I stand at the kitchen sink, washing dishes for what seems like the thousandth time today.  I have just gotten the kids to bed and am trying to relax my thoughts. I am desperately trying not to focus on an earlier conversation; trying not to worry about what is going to happen tonight, attempting to block the memory of his earlier promise. 

I think back over the day, starting with his list of ever growing “expectations.” Each day he assigns tasks for me to finish before he gets home.  Today, I have completed most of them.  But, alas, most is never enough or acceptable.  I reflect on the last time I didn’t get it all done.  It was bad.  Will he understand that one child was running a high fever, resulting in a doctor appointment and my waiting forever for the pharmacy to fill the prescription?  Will he make any allowance for the valuable hours I can’t get back?  Cranky, sick babies meant shorter than usual naptimes.  I was never able to catch back up.  Will he even give me a chance to explain? 

My stomach is in knots.  He should be home by now. 

When he finally arrives, dinner is not quite ready.  Abandoned toys are scattered on the floor.  The TV is on, maybe a little loud, as a last ditch effort to occupy little minds while I get dinner on the table.  It was meatloaf night, his favorite.  At least that would buy me a few points.  The door opens.  My heart pounds with anxiety, then sinks heavy in my chest.  He walks up behind me while I'm at the stove cooking, sneaks his hand up my shirt and whispers, “You’re late.  You will make it up to me."

I quickly apologize. “It’ll only be another 5 minutes or so.  I am really sorry.  The baby was sick today, and…”

“You aren’t sorry.  But I promise you will be," he says with anticipation in his eyes.

Dinner is cooked to perfection.  The kids eat well; there is even some cheerful conversation at the table.  But I see that expression.  I know it too well.  It isn’t one of happiness. He’s displeased, simmering in his anger.  It is all my fault.  And he doesn’t even know yet what tasks I didn’t finish. 

Dinner is over.  I realize I have hardly eaten.  The kids are done, though. So I get them ready for bed and tuck them in.  They go down easily. I feel a twinge of hope that I may be able to complete those unfinished tasks.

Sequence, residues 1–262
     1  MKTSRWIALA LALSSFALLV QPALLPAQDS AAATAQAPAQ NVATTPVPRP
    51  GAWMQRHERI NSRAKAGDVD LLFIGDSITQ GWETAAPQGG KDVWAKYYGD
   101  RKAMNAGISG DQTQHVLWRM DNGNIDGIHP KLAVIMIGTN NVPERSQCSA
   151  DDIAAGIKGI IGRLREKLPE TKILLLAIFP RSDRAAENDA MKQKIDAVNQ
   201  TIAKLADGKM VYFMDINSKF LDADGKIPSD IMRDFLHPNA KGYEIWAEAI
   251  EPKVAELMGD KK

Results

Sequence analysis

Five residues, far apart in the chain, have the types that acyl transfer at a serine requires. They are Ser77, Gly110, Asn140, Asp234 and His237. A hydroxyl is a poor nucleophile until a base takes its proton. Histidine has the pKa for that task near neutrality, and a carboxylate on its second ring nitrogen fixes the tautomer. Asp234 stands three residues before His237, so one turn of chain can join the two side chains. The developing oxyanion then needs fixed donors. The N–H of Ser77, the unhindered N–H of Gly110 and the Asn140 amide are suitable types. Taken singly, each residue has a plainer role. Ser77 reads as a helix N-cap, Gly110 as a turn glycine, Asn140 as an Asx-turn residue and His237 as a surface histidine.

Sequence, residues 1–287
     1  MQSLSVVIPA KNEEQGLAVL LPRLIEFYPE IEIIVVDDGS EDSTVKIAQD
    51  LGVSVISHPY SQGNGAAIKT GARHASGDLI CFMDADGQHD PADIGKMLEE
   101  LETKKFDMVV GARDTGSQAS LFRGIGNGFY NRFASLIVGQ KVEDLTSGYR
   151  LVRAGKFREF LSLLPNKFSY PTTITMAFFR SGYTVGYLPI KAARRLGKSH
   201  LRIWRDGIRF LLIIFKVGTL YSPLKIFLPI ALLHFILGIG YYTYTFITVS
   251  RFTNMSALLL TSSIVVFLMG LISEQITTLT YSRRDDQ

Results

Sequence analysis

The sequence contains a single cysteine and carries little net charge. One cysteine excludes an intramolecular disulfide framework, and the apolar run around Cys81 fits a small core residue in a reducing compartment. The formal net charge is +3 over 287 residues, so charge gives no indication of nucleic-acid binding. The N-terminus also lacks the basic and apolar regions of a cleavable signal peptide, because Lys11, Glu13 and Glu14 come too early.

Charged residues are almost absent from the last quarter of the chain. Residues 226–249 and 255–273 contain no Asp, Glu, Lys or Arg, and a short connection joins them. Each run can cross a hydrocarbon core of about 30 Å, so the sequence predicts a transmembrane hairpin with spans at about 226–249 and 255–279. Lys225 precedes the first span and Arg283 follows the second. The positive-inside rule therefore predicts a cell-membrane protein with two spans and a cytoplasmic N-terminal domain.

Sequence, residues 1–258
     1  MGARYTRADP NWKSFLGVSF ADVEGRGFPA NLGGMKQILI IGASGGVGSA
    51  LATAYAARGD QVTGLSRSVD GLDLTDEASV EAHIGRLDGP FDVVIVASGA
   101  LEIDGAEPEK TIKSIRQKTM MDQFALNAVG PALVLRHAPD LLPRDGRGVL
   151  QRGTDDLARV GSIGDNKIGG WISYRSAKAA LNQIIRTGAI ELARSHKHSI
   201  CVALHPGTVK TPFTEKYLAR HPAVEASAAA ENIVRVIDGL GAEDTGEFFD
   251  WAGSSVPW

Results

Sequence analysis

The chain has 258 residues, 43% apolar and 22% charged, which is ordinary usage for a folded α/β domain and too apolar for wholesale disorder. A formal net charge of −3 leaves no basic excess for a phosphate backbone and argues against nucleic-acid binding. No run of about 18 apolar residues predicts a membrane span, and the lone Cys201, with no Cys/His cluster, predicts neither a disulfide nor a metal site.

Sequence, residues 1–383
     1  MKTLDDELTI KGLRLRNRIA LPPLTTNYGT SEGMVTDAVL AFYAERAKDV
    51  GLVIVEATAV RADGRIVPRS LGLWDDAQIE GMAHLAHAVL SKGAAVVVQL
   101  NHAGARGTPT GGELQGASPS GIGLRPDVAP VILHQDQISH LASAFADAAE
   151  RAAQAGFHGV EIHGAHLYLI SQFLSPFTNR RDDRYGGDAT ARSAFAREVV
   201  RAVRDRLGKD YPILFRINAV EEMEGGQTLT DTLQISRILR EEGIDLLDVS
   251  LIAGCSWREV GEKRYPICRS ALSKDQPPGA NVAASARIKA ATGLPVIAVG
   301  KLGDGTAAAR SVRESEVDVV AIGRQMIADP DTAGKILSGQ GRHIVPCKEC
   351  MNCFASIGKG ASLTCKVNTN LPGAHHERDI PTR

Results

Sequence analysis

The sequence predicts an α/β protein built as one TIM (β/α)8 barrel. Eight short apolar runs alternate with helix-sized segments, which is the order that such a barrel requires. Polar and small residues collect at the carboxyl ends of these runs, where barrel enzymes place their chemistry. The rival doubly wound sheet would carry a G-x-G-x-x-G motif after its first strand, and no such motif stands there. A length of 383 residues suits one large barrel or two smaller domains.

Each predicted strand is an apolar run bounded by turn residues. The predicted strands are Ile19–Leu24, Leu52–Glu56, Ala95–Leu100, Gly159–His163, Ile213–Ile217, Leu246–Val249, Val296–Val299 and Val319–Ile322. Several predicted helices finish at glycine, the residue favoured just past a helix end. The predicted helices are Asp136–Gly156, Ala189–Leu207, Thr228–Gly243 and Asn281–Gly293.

I finish washing dishes.  The floor is clean, toys are put away.  The house looks really good considering my eventful, rushed day.  I feel relieved that the only thing I have left to accomplish is the shower I skipped this morning.  Showering used to be such a peaceful experience.  But now, even my hygiene habits are scrutinized.  I better get on it, though. 

Has he even noticed? 

Walking through the bedroom to the bathroom, he doesn’t seem to notice my presence.  Trying to rush, I quickly get in the shower, being careful not to miss anything as I cleanse my body.  My mind races. Thoughts and fears run through my mind. I made him mad.  I know he will be making sure my body is just how he wants it, and he is utterly precise with how he wants it.  I hate that I can’t even control this part of who I am.  When I shave, what I shave, what gets plucked, what gets left....  Why is this so important? 

Halfway through my shower, the door opens.  His anger is palpable, even though I can’t see his face.  “This should have been done first.  My needs come first. Your body is my body.  You know I want you to take care of it.  Why did you think it could wait?  What was more important than making me happy?” 

By now, the curtain is pulled wide open.  He is glaring at me.  The smell of alcohol is repulsive on his breath; it makes me sick to my stomach.  The implication of impending trouble makes me tremble.  As usual, I stand there naked, vulnerable, and trying to think carefully about what to say next, knowing anything I say might be twisted and used against me as a weapon. I think hard before actually forming any words.  And once again, my brief hesitation is too long.  An icy stream of water suddenly sprays my body as he commands,  “Answer me next time I speak to you. “

I smile at him, a slow cautious smile, trying to conceal my despair.  I slowly reach down, hoping he will allow me to turn up the temperature of the water.  He grabs my arm, stopping me.  “If you had wanted a hot shower, you should have taken one first, like I asked you to.  You must’ve wanted to give me a show, deciding to wait for me.  I love the way it looks when it’s cold.  Especially because I get to warm it up later.”